Title: Yerba Buena (review copy)
Author: Nina LaCour
Genre/Themes: Adult contemporary literary fiction, Abuse, Sexual Assault, Romance, Drama, Family Dynamics, LGBTQ+
Blurb from Goodreads
When Sara Foster runs away from home at sixteen, she leaves behind not only the losses that have shattered her world but the girl she once was, capable of trust and intimacy. Years later, in Los Angeles, she is a sought-after bartender, renowned as much for her brilliant cocktails as for the mystery that clings to her.
Across the city, Emilie Dubois is in a holding pattern. In her seventh year and fifth major as an undergraduate, she yearns for the beauty and community her Creole grandparents cultivated but is unable to commit. On a whim, she takes a job arranging flowers at the glamorous restaurant Yerba Buena and embarks on an affair with the married owner.
When Sara catches sight of Emilie one morning at Yerba Buena, their connection is immediate. But the damage both women carry, and the choices they have made, will pull them apart again and again.
At once exquisite and expansive, astonishing in its humanity and heart, Yerba Buena is a love story about two women finding their way in the world.
I absolutely adore Nina LaCour’s writing. She has this amazing ability to delicately craft stories and characters that feel almost otherworldly but yet are utterly grounded in the gritty realities of everyday life.
Yerba Buena is LaCour’s first novel for adults and I loved it. It started off with this huge sucker punch of darkness that almost left me reeling and unable to breathe or find succour… but then the novel somehow grew smaller in scope, more intimate, and it took complete ownership of my heart. That’s the magic of LaCour’s writing talents.
The story follows two main characters, Sara and Emilie, from their teenage years through to late twenties. And oof does the novel pack a lot in.
Sara’s family life is an extremely broken and damaged one. Full of criminality and harshness from which she runs away age 16.
And Emilie’s life, though from the outside appears a good one… but she struggles so much with her sense of identity. Trying to fit in and mould herself to the wants and needs of everyone around her.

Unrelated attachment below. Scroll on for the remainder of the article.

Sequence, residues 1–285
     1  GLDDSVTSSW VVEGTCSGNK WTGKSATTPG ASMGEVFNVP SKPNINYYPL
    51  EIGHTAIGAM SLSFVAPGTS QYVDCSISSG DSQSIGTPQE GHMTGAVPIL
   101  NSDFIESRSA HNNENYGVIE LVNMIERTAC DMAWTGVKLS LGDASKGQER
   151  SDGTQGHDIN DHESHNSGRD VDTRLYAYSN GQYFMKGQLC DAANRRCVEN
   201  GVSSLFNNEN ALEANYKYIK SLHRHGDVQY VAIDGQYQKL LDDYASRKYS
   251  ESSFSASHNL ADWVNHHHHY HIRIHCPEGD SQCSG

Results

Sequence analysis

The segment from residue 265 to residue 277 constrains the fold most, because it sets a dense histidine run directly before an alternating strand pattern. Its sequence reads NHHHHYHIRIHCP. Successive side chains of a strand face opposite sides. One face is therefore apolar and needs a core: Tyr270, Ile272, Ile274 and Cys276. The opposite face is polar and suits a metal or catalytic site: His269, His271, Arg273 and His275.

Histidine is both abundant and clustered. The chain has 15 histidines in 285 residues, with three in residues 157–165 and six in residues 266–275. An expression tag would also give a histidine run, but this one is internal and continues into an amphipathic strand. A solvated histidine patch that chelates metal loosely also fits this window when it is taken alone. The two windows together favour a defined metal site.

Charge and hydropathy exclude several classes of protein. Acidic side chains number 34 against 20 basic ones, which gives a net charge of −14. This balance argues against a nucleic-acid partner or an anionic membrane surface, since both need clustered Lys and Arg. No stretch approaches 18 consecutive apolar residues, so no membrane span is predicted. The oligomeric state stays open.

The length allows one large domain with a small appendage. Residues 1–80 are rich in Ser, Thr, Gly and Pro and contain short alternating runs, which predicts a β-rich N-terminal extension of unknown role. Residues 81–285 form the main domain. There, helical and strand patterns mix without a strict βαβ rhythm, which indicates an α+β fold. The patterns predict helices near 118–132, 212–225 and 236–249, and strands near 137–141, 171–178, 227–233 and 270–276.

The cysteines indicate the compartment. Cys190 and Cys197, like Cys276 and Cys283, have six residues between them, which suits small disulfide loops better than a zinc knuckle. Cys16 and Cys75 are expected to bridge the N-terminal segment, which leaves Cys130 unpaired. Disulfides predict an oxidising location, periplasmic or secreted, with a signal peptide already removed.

And through the years we follow these characters as they grow into their adult selves and figure out the answers to the questions that held sway over their life choices… which leads to their eventual meeting and their falling in love.
But things still don’t run smoothly because life never does.
Yet they are tethered together somehow so they fall into these cycles of blossoming and wilting, blossoming and wilting.
I guess you could say this novel is somewhat light on plot and is therefore more of a character study. But those types of novels are my personal favourites. I love stories that as a reader you sort of find yourself randomly falling into the lives of the main characters at the start and by the ending you feel that even though you may be closing the last page that these characters live on in unwritten chapters. To me that’s like life because in reality whenever we meet a new person they’ve had a life before us, and they’ll still have a life after us if we eventually go our separate ways (be it moving city, country, changing jobs etc etc).
The main characters of Sara and Emilie are so richly detailed that I felt I truly knew them as a reader. They felt so believable and authentic, and I keenly felt every single emotion they experience. Yerba Buena is a quiet book. It’s laden with characters that are hopelessly flawed but are all the more real for it. The storyline is at times deeply haunting and terribly dark, but there are these beautiful moments of joy and happiness. And somehow the darkness and the light blend together to create a truly beautiful and memorable slice of literary fiction.
- Publication Date: 31st May 2022
- Publisher: Coronet
*An e-copy was kindly provided to me by the publisher via NetGalley for honest review*